Book review – Excess Returns
Book review: Excess Returns
Michael Wassermann | July 20, 2014
Excess Returns: A Comparative Study of the Methods of the World?s Greatest Investors by Frederik Vanhaverbeke.
The book starts with an insightful chart showing the annual excess return of top investors versus the S&P 500. It shows that excess returns tend to decrease when the observation period gets longer, and neatly illustrates the exceptional track record of Warren Buffett.
The remainder of the book gives a comprehensive overview of the practices applied by the most successful fundamental investors, including adepts of Benjamin Graham and adepts of Warren Buffett.
The author holds a PhD in Electrical Engineering and seems to have read in his free time everything that matters for stock investing. The book is very structured and exhaustive, as can be expected from an engineer. It contains a number of frameworks that puts the different analytical elements together (for example page 145 on business analysis and page 172 on valuation tools). This makes the book a valuable read for investors looking to improve their investment process.
I also liked the chapters covering investment mistakes. The list includes confusing investing with trading, lack of analytical independence, selling winners and hanging on to losers, selling quickly after a takeover announcement.
The book is full of interesting quotes about investing. Below is a selection (I tried to avoid the best known ones).
– On long-term investing: ?The most important attribute for success in value investing is patience, patience, and more patience.? Peter Cundill
– On accounting: ?If you read a financial disclosure three times and cannot understand it, it is intentional.? Jim Chanos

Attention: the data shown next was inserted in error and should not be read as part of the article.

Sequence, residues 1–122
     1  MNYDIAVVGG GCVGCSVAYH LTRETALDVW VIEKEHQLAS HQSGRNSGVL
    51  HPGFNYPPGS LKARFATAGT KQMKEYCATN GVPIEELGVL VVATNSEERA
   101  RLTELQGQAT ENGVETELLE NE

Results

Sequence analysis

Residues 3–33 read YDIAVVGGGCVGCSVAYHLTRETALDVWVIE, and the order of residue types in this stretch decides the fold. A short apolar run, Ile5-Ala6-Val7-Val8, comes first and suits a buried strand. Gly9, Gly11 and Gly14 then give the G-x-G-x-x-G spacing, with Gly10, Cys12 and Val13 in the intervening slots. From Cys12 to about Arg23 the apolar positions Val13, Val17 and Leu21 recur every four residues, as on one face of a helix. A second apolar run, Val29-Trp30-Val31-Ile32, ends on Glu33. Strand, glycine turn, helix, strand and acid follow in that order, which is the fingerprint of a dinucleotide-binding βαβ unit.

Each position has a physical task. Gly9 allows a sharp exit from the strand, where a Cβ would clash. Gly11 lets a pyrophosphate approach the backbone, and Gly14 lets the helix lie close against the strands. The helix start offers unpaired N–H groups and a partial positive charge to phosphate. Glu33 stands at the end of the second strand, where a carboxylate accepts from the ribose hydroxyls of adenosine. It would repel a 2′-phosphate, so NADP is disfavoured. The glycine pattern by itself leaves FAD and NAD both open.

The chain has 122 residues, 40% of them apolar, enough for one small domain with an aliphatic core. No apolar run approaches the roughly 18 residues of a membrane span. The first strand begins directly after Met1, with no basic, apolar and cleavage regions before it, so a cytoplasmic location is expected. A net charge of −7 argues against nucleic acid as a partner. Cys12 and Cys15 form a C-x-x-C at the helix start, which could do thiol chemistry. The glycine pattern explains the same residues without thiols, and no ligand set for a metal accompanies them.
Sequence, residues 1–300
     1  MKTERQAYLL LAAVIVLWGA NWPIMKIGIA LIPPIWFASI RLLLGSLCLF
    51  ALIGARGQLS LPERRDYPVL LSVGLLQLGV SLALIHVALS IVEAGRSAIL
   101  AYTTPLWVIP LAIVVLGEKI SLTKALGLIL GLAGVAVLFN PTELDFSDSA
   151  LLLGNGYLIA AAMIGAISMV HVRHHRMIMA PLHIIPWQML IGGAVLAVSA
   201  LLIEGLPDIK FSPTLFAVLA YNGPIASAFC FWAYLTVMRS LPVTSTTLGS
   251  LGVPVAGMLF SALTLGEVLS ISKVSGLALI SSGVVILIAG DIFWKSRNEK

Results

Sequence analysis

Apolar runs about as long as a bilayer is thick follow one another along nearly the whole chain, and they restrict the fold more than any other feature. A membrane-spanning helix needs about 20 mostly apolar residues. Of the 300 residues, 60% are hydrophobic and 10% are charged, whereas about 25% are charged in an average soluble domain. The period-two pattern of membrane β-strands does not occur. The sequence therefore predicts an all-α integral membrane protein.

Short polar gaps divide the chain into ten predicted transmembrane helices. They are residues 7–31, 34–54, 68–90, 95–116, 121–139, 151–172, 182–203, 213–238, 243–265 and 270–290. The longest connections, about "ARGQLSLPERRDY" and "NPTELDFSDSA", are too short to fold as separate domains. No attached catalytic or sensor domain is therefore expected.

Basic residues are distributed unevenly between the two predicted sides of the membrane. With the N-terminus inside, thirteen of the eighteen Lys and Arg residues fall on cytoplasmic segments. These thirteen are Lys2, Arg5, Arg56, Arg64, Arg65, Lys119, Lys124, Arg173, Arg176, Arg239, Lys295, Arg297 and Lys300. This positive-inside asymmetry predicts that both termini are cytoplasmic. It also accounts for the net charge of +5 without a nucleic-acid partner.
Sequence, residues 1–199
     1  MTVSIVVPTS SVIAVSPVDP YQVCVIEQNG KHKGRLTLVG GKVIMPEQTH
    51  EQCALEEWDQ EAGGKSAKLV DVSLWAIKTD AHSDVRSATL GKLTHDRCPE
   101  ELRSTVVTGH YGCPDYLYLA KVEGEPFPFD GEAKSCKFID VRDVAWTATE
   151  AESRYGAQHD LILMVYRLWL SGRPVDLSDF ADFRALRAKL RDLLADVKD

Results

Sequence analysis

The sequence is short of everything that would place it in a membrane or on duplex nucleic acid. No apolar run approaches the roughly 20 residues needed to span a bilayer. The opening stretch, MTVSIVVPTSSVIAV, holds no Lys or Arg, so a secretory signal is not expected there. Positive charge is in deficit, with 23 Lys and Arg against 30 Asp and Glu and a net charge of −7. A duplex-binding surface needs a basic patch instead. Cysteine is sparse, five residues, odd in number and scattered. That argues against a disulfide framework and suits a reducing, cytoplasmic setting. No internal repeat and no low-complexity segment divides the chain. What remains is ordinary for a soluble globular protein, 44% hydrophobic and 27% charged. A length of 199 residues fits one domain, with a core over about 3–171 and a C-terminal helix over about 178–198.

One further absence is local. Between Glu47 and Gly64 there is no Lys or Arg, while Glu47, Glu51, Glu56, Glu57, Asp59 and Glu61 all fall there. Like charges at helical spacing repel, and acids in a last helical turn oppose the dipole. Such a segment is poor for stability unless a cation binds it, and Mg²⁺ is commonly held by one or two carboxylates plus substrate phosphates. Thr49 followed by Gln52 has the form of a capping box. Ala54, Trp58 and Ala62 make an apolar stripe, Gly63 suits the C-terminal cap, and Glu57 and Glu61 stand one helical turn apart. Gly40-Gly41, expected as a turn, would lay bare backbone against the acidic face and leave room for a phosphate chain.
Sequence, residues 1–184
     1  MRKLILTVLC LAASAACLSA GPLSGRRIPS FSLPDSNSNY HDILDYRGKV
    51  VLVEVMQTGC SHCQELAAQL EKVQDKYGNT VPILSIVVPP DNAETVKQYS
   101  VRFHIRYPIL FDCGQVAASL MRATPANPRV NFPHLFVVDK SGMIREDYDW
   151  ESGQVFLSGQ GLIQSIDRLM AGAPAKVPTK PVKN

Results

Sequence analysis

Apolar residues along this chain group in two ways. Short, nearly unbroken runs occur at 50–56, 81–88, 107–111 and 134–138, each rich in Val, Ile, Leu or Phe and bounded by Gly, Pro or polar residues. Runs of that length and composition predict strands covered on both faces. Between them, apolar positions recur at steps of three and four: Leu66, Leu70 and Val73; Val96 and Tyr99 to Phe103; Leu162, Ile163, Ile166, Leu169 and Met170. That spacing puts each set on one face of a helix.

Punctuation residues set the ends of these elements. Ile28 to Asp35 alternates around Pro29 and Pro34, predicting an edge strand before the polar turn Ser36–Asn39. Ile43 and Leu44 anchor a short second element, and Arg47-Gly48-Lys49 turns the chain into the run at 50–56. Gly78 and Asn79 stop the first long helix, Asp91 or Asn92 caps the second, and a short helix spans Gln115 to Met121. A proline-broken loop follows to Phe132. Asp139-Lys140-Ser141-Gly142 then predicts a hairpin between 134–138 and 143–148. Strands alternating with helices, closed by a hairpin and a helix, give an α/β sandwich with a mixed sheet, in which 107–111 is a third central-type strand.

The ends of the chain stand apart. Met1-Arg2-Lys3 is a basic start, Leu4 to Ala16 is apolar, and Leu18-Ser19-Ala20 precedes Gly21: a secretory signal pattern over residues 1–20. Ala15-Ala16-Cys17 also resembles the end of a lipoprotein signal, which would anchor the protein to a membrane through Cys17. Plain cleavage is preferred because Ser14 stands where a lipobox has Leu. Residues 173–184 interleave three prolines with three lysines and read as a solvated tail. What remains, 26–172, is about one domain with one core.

– On spinoffs: ?Any time you read about a spinoff being accomplished through a rights offering, stop whatever you?re doing and take a look.? Joel Greenblatt
– On psychology: ?Nothing sedates rationality like large doses of effortless money.? Warren Buffett
– On selling: ?We never invent new reasons to continue with a position when the original reasons are no longer available.? David Einhorn
– On risk management: ?To invest successfully you need not understand beta, efficient markets, modern portfolio theory, option pricing or emerging markets.? Warren Buffett
I want to end with an additional quote, this time from the most recent quarterly report of Pzena Investment Management. The quote does not appear in the book but reflects well its philosophy as well as my current ? and permanent ? mindset:
It seems like an almost daily occurrence that equity markets in the developed world hit new highs. Even the emerging markets, after three years of weakness, found their footing. Yet despite the good news, there is an air of unease in the investment world. Sluggish economies, geopolitical events and valuation all raise concerns. Our approach to dealing with this uncertainty is the same as it has always been: focus on identifying good businesses with downside protection that are trading at attractive valuations compared to their long-term earnings power.
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